Delaware launches first phase of online gambling
29 August 2013
The first phase of Delaware’s online gambling initiative took place on Wednesday morning when the state’s three casinos opened their Internet portals for free online slots, poker, roulette, and blackjack games.
These free, or play money, games are the first step towards having full-service, real-cash online gambling in Delaware by the end of October 2013. The launch comes one month later than originally forecasted.
“We set forth what I would call an aggressive goal of September,” Tom Cook, Delaware’s Secretary of Finance, said. “I said from the beginning this is something that, when it’s ready, it’s ready.”
Starting at 6am, all three of Delaware’s casinos–Dover Downs, Delaware Park, and Harrington Raceway & Casino–directed visitors from their respective websites to the DoubleDown Casino game platform on Facebook. DoubleDown Casino is owned by IGT, a slot machine company that is one of Delaware’s contractual slots vendors.
Delaware remains ahead of New Jersey in terms of being prepared to offer a full selection of legal online casino games. Nevada, the first state to pass online gambling legislation, has been operating real-money online poker for almost six months.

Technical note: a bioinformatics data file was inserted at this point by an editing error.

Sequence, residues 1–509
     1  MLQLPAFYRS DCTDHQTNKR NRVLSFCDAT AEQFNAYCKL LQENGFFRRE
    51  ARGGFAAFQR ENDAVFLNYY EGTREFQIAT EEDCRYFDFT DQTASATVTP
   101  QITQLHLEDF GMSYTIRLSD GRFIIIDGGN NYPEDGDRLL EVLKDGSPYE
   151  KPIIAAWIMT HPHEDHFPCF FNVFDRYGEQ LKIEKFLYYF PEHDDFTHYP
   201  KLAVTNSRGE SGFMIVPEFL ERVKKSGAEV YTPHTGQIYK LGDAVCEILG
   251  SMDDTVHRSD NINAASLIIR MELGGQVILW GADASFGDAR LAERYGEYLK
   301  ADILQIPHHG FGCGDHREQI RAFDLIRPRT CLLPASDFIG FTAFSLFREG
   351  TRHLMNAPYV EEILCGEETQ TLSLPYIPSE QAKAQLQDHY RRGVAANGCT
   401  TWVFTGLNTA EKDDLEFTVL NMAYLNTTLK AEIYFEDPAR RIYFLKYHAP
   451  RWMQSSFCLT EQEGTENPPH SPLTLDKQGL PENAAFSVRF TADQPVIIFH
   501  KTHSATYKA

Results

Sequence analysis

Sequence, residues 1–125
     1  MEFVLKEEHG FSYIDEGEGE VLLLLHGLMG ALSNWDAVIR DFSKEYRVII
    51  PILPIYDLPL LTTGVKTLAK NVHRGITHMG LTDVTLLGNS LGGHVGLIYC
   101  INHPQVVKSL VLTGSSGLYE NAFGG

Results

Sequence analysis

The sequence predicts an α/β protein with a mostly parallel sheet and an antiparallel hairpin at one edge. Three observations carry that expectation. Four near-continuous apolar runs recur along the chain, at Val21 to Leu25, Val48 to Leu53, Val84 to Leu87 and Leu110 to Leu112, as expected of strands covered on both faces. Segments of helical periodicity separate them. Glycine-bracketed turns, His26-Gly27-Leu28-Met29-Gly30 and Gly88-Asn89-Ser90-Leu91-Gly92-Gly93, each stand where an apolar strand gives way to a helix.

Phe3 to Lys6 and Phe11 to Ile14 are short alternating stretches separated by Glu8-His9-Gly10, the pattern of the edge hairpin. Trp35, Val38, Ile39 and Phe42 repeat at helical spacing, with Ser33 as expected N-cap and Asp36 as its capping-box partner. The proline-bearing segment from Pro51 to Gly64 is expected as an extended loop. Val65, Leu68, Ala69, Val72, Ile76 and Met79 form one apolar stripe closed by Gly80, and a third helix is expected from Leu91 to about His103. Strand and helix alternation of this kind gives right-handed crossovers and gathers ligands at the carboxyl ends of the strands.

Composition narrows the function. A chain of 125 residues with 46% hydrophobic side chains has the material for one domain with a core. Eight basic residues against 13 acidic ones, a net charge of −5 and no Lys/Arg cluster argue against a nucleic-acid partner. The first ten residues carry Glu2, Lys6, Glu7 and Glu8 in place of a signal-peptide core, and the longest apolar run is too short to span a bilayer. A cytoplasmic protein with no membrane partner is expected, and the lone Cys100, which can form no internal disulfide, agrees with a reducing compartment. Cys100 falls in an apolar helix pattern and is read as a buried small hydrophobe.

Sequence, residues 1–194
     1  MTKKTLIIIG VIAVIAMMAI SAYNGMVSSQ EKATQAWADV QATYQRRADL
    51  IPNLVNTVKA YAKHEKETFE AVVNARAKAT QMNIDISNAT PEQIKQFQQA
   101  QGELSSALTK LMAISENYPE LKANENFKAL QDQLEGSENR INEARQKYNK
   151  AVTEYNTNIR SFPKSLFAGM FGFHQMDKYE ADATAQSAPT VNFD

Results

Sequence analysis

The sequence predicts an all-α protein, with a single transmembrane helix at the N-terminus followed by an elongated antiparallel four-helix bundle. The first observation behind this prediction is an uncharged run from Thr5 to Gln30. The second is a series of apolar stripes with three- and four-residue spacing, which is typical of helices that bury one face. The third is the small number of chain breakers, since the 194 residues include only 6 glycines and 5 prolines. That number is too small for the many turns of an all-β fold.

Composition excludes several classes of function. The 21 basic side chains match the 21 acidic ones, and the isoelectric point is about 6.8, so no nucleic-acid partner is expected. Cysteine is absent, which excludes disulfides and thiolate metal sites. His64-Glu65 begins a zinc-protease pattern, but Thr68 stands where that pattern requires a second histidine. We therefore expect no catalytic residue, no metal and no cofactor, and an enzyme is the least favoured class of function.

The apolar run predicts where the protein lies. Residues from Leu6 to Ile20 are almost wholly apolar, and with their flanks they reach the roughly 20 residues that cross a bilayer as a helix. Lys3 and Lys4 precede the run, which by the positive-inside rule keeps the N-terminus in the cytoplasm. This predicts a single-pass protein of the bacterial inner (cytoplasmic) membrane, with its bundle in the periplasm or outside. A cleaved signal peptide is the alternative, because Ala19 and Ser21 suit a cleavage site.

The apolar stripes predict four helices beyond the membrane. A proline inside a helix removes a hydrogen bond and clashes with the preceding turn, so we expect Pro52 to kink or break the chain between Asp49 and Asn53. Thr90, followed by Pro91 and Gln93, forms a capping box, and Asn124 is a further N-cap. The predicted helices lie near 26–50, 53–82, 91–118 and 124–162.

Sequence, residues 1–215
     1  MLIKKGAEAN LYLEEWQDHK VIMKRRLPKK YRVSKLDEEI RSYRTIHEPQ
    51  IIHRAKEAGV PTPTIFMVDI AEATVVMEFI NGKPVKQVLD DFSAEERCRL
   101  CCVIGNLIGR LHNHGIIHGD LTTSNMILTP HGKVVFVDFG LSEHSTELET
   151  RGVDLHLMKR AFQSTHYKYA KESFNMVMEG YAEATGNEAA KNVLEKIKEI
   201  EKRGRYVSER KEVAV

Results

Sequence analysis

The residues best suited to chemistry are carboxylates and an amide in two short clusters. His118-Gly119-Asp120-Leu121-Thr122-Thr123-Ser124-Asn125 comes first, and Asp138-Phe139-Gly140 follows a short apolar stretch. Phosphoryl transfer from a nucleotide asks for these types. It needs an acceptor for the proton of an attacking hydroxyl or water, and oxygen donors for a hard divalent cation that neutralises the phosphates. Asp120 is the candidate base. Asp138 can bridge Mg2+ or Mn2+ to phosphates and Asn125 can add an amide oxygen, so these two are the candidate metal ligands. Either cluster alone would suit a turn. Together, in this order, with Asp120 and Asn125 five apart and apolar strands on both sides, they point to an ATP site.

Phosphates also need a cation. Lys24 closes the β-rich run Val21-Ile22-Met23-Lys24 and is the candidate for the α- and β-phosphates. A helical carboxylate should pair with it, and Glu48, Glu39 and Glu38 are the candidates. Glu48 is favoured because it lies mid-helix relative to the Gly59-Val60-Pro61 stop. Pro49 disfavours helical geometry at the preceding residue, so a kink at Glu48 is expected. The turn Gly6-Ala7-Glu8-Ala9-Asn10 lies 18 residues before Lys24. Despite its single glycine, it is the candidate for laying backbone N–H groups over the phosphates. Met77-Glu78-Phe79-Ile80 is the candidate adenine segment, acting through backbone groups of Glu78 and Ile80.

It’s important to note that the free games offered by the Delaware casinos are available to anyone in the world wanting to play them. Once the real-money transactions start, however, players must be physically within Delaware’s state lines. Delaware’s online gambling pipeline includes two hopeful additions in 2014: mobile access and a compact with Nevada that would allow players from both states to play at the same online tables, increasing player liquidity.
While Delaware’s casinos are the vehicle for the online gambling initiative, whether or not the online gambling endeavor can help them financially recover from the saturated casino market is anyone’s guess. “It hasn’t come up a lot in the discussion, to tell you the truth,” said Ed Sutor, president and CEO of Dover Downs Hotel and Casino in a USA Today article. “We’re not sure how much revenue this is going to produce.”